Monday, October 19, 2009

Movies No One is Supposed to Like

I don't know about you, viewers, but I love to love movies that critics and the majority of the public are supposed to hate.  People like to tell me that I have no taste because of this, but I think these people are missing the whole point of film and of art as a whole.  I've always felt that the point of enjoying art is to enjoy the things that make you feel something that you enjoy.   That is why they make certain films for certain audiences (aka, horror or action).  Also, it should be said that I don't simply like the maligned film for the sake of being on the outside (though I do get a special thrill from being in the minority...its almost as if I'm in my own little club of one and that I know a secret that no one else knows) but I tend to be able to view the hated film in a more positive light.  Maybe I'm just one of those people that the bad movie is made for.

The bad movie I am watching tonight is Sidney Lumet's musical flop The Wiz.  I've always enjoyed this film, ever since I was a child.  I enjoyed seeing the familiar Oz story transposed over an urban setting and populated with people who weren't white as wool, it showed me at a young age that everyone should have their own version of a story that they can relate to.  Granted, with the dated language and ethnic themes, it appears as if the film is very racist (a strange claim, since the film was made by African-Americans and financed by Motown records) but I see it as a time capsule of 70s fashion and sensibilities.  There are others who complain that the film isn't enough like the stage musical on which it is based...and they definitely have me there.  Musically, it resembles its predecessor and it follows almost the same story, but it was very much changed to utilize the urban setting (rather than starting in Kansas and becoming a magical wilderness with some urban sensibilities) and to shoehorn in its adult female star, Diana Ross.  I personally don't find it unbelievable that a grown up would need a journey of self-discovery as opposed to a child needing it, and I love the city setting as it shows how well the Oz story can stretch to meet any parameters.  Yes, there are some really dull and uninspired shots, and yes Diana Ross can grate on your nerves after a while, but I think the positives outweigh the negatives here (and I refer to the splendorous production design, the performances of Michael Jackson, Nipsey Russell, and Ted Ross, and the fabulous music).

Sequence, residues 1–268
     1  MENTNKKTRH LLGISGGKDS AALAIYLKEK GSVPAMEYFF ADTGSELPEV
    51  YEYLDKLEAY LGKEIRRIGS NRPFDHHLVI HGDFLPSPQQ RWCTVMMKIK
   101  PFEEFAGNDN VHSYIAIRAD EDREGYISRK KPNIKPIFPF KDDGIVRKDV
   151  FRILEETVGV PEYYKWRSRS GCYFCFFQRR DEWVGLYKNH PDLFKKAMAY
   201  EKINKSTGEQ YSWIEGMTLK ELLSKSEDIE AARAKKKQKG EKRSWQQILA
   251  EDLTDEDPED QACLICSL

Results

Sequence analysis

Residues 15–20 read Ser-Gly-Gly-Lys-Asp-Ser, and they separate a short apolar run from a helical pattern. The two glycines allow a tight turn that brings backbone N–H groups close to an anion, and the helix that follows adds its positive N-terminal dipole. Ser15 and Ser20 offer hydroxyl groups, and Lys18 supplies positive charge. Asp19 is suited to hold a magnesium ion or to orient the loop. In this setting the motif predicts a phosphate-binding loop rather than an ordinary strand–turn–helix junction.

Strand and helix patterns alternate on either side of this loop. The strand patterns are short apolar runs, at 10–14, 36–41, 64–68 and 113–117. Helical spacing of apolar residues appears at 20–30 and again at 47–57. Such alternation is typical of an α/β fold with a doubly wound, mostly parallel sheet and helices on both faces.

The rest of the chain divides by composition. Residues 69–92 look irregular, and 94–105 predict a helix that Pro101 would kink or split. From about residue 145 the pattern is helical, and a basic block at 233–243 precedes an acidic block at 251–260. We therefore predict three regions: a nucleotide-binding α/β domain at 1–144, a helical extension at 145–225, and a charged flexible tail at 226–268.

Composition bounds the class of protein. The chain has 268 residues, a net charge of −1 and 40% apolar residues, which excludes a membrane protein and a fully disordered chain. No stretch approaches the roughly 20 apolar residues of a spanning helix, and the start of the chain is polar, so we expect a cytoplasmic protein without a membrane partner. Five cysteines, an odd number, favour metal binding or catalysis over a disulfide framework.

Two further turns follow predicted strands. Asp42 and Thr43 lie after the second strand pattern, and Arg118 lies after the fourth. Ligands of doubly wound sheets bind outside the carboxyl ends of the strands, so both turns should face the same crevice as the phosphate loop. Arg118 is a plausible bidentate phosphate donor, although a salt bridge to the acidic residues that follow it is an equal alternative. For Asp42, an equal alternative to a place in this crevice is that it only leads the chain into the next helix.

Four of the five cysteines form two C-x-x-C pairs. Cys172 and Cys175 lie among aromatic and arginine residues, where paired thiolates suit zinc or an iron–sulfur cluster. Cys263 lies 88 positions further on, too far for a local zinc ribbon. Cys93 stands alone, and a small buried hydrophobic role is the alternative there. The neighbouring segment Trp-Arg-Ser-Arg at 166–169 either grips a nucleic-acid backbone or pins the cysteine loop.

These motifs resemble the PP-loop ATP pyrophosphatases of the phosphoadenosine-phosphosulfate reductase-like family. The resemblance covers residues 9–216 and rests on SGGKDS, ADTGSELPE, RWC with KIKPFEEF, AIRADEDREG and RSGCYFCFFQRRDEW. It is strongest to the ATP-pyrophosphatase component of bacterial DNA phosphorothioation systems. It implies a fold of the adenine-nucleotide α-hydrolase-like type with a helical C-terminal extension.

Here's a trailer for anyone unfamiliar, or anyone who needs some nostalgia.  Happy viewing!

No comments: